Yet, although the acquisition may accentuate a new level of interest in the SCE market by the financial community, Catalyst will have to continue to demonstrate their recently much improved execution in order to satisfy its investors and to entice them to open their purse strings and support its aforementioned strategy. Also, Catalyst will have to convince SCE prospects that it is a viable option, by more successfully winning or acquiring new strategic customers. To that end, throughout 2003, the vendor has released a slew of first-time products, such as CatalystCommand Transportation, CatalystCommand Labor Management, CatalystConnect Supplier Link, CatalystConnect Carrier Link, CatalystConnect Inventory Optimization, CatalystConnect Demand Management, CatalystConnect International Trade Logistics, CatalystCompass Alerts 1.0, CatalystCompass Reports 1.0, and CatalystCompass Reports 1.0.

Further, even more recently, mid-2004 saw the release of CatalystCommand Slotting 1.0 and CatalystCommand iRFID 1.0, both with impending SAP integrations. Both were also the initial releases of the products, while A1.1 releases are planned for late 2004. While this footprint enlargement is impressive, it will require continued serious investment, while the likely immaturity of newly introduced modules might deter the prospective customers to deploy them in the near term.

The ongoing relationship with SAP too remains both a blessing and a curse. Namely, while potential for this growth is good, Catalyst must balance carefully its partnership with SAP and its ability to execute as an individual company to avoid conflicts in strategy that could damage its business in the longer term. Catalyst needs to maintain the ability to sell its products independently of SAP to be viable in the long run. Thus, it must continue to seek business that supports its non-SAP goals, while still paying due "tribute" in the form of implementation services to its long time partner. These goals should include further expanding its product offering to cover more of the SCE space by adding transportation management or advanced order management products.

Further Catalyst faces an immense task in educating SAP's sales force about its new SCE products, which is critical for enabling SAP to sell its products efficiently without placing an unmanageable burden on Catalyst's limited resources. Ironically, there might always be a conflict of interest, as SAP product managers may complain to SAP senior management that the partnership and the componentsNOW site is causing them to loose revenues in their equivalent application areas, although the rationale behind the partnership was SAP's initial inadequacy in certain SCE niches.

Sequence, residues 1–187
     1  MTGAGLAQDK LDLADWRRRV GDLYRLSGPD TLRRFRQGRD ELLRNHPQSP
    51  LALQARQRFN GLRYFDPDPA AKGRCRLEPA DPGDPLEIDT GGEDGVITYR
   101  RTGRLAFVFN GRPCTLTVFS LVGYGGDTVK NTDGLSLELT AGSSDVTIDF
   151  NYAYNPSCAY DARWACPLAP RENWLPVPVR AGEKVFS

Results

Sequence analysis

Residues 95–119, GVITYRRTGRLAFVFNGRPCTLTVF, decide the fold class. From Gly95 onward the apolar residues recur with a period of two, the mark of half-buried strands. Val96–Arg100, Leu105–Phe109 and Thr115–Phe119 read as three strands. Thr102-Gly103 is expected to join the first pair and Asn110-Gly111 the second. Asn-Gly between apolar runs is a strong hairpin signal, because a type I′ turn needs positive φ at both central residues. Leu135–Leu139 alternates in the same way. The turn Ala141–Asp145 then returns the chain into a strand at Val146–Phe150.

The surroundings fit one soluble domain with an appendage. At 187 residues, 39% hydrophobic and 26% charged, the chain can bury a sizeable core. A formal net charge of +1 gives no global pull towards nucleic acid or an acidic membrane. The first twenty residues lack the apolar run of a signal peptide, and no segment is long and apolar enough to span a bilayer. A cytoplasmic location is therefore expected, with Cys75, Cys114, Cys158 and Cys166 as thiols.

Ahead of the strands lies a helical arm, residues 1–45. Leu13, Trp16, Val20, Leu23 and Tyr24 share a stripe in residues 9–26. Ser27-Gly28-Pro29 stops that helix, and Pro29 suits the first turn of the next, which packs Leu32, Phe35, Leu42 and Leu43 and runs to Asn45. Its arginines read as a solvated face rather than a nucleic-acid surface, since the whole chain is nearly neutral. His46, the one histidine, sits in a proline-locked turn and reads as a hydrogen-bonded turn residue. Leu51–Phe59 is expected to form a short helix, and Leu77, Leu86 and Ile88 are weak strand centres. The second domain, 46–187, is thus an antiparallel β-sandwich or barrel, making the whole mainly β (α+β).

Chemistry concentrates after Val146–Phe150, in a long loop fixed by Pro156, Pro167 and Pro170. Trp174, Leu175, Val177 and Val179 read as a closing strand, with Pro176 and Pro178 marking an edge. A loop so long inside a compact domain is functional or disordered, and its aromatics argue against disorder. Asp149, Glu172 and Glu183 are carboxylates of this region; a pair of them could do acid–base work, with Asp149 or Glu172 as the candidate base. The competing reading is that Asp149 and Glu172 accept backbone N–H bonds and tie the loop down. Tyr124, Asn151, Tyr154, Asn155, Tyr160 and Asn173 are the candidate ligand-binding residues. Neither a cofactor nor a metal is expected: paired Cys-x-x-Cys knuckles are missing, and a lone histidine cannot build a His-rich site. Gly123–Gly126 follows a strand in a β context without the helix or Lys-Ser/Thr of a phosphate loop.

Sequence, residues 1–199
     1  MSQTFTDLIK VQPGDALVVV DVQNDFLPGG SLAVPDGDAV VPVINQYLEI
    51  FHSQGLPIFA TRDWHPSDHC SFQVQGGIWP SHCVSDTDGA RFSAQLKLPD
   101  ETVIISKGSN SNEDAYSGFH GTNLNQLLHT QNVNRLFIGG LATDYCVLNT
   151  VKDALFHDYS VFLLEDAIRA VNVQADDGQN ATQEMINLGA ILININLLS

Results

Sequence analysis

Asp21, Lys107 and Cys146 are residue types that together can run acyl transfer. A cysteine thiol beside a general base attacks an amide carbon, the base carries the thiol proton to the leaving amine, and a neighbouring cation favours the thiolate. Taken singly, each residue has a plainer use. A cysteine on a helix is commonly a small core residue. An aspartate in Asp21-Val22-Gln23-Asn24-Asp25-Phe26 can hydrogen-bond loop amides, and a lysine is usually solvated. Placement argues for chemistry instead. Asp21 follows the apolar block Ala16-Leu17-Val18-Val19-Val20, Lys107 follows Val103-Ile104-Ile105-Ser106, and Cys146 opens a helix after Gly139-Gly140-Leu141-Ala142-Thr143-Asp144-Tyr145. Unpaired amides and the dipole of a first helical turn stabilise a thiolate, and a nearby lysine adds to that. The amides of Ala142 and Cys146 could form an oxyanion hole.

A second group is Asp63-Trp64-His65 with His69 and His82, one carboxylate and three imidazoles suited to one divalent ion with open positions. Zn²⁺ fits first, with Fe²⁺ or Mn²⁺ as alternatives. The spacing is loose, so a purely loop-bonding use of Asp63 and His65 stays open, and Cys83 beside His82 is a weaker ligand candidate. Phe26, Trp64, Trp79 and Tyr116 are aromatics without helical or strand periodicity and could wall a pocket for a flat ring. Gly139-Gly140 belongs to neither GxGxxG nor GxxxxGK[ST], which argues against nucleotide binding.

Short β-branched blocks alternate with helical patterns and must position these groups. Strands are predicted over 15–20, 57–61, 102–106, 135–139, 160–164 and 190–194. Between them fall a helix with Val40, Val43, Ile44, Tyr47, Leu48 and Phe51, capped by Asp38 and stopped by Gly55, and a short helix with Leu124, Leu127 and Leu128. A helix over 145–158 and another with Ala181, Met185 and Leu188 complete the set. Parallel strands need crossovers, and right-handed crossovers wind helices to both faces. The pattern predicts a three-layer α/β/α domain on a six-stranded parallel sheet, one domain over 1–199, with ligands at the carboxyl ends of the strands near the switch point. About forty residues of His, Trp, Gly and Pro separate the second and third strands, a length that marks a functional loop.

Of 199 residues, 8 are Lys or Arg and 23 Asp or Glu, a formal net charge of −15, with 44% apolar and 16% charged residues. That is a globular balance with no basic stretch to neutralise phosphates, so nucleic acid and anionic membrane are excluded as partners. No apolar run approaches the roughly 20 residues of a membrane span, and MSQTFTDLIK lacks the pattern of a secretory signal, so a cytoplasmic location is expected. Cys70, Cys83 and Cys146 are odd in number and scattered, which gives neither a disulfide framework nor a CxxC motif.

User Recommendations

Current Catalyst customers should not feel any increased sense of urgency from these events. If anything, existing customers should be comforted by the backing of a financially stable parent company with money to invest. Although this acquisition sounds like a very positive event, and ComVest and Catalyst appear to have strategic growth intentions, look for future proof in the actions they take in the coming months. Additional acquisitions that provide strategic value and synergy with CatalystCommand should be welcomed, while any severe cost-cutting, restructuring, and management turnover should be looked at cautiously. Typically successful software acquisitions have been those where the acquirer valued the acquisition of "brains" rather than only a code base.

For companies in retail, consumer packaged goods, or industrial technology, Catalyst WMS products offer a rich set of features and can be customized according to specific customer requirements. We encourage users to include Catalyst on a short list for UNIX-based WMS selections. SAP users who are unsatisfied with mySAP Enterprise's WMS/SCE capabilities will certainly wish to evaluate Catalyst's support and product extensions. As times goes on and Catalyst further refines its ability to execute alongside SAP, SAP users should find the alliance to be a low risk alternative to other SAP WMS combinations. Alternatively, where ease-of-interface is important, SAP users may want to consider Provia Software's WMS, which offers a standard interface to connect to SAP R/3.

Prospective customers in the above-mentioned high volume industries with complicated warehousing requirements should consider Catalyst WMS as a promising candidate. Also, users that have special requirements or those that wish to duplicate their existing best practices should place Catalyst WMS on their shortlists for its proven customization capability. Still, existing and prospective customers should evaluate and buy from Catalyst the already proven solutions, while the upcoming or very recent solutions for new requirements might be postponed until they have more market acceptance.